- Approaches to Promote SEL. If you want to use a program that has free-standing lessons for SEL, it will be necessary to identify a few times per week when this can happen. If instead your staff wants to develop greater expertise in providing pedagogies that develop SEL, you will want to pay particular attention to programs that infuse SEL in teaching practices. Other schools and school systems may have curriculum areas where SEL could be integrated. If so, you will want to look for programs that are infused in an academic curriculum. Finally, if you want to infuse SEL systemically, you will want to pay careful attention to programs that provide structures and guidance for doing that.
- Number of SEL Lessons. Programs that provide free-standing lessons assume that schools can devote a certain amount of class time to the process. If your school is looking for a program that provides free-standing instruction in SEL, we encourage teams to review some programs that require fewer versus more lessons to gain a sense for how different models operate.
- Settings (that promote and reinforce SEL). SEL is more powerful when it is reinforced across all the settings where students spend their time. Districts and schools wishing to implement systemic SEL programming may choose to adopt programs that provide guidance and strategies for classroom-wide, schoolwide, and family programming. Other teams may prefer to begin with a more narrowly focused classroom program.
When using the “Implementation Support” Table, here are some factors to consider as your team reviews program.
- Recommended Training Model. Consider whether the recommended training model would provide your teachers and staff with sufficient training and support, and whether it is feasible.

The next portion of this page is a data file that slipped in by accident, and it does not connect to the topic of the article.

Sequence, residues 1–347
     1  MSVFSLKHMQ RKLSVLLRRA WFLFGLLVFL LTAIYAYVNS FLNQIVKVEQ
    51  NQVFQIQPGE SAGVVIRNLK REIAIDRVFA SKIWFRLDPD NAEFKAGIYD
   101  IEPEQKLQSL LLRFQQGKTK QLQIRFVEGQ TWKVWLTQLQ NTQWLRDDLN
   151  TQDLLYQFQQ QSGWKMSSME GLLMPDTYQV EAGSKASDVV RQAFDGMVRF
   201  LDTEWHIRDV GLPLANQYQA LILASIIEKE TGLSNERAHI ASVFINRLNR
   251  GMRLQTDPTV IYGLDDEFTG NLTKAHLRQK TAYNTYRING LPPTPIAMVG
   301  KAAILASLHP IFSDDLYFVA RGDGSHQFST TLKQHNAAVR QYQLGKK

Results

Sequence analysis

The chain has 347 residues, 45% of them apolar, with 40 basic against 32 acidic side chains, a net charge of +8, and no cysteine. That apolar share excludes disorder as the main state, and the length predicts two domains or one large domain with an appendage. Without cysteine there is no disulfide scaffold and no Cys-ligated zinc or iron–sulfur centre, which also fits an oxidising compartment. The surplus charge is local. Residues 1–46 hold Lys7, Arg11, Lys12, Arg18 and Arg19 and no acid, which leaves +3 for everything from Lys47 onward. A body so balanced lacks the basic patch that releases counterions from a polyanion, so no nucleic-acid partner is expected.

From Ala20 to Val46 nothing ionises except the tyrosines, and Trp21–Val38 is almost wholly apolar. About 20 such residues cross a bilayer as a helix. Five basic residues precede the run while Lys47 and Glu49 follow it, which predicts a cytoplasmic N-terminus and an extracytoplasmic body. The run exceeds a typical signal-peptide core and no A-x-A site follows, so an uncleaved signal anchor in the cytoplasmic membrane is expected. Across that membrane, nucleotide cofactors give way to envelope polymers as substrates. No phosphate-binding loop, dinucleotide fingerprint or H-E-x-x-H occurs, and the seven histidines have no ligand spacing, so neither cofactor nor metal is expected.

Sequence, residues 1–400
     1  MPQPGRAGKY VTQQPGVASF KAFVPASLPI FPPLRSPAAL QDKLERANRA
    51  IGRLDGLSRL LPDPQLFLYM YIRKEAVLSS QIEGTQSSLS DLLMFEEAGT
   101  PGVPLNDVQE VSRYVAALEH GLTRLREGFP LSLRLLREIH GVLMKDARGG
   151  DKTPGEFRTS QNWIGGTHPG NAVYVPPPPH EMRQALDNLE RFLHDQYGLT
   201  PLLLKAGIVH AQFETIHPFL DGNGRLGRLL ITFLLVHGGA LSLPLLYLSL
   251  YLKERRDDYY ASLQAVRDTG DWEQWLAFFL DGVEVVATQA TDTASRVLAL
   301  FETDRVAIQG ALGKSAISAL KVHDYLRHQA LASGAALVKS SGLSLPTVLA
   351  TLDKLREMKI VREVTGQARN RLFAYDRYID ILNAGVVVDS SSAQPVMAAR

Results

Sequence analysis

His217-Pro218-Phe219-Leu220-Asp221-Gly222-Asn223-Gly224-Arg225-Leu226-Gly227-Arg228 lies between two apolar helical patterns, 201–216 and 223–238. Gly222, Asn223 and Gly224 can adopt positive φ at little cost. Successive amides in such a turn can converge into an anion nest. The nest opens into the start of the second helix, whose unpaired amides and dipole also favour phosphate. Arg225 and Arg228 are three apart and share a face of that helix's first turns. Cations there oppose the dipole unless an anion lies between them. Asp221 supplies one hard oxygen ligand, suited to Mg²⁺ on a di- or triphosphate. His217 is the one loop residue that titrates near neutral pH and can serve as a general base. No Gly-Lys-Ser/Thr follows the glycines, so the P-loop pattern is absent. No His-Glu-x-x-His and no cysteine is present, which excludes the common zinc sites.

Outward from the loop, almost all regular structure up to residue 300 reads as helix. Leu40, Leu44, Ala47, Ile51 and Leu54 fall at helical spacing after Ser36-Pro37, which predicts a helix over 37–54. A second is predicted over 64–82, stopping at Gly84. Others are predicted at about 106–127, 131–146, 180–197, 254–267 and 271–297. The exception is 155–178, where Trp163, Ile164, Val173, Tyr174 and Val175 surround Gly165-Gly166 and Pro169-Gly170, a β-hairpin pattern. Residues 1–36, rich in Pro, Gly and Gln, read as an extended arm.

- Format. Given the context of your school or district, consider whether the available formats for training would meet your needs. If not, you may want to discuss with program providers whether they would have other ways of accommodating your school or district.
- Technical Assistance and Implementation Supports. Does each program you are considering provide administrative supports, ongoing coaching, and opportunities to participate in professional learning communities? Does each program provide tools for monitoring implementation that are specifically aligned with the program and that will allow you to collect information to enhance the quality of implementation?
- Train the Trainer. In terms of ultimately sustaining the approach to SEL you choose to adopt, you may be interested in knowing whether the program offers a train the trainer model.
As you look at the Evidence of Effectiveness Table, consider the following:
- Study Demographics. When judging the strength of the research base for particular programs, consider whether they have been evaluated with samples that are similar to the students in your school. Research has indicated that SEL programs do not seem to have better effects for some student subgroups over others (Durlak et al., 2011), so if you are considering a program and the populations evaluated do not match your student population, it may still be worth considering.
- Study Design. Randomized controlled trials (RCTs) are generally more rigorous than quasi-experimental designs. It is likely that programs with more studies and more RCTs have stronger research foundations.
- Outcomes Demonstrating Effects. Many SELect programs have documented beneficial effects on students’ problem behaviors at the secondary level. Assessments of program effects on academic performance, positive social behavior, or emotional distress are less common. Many programs also show effects on SEL skills and attitudes. You may also be interested in knowing that a program was shown to have effects on teaching practices. Yet most program evaluations do not systematically collect data across all of these domains. If a program does not report gains in a particular area, it may be that their evaluation did not examine that area.
Step 2. Review program descriptions to narrow your search
Use the program descriptions to learn more about the specific programs that interest you. These descriptions provide detailed information about each program including the full range of grade levels for which the program is designed and the skills the program teaches. The summaries include an overview of each program followed by a grid with the findings in Tables 1 to 6. Also included is a link to the program’s own website, where you will be able to find additional information.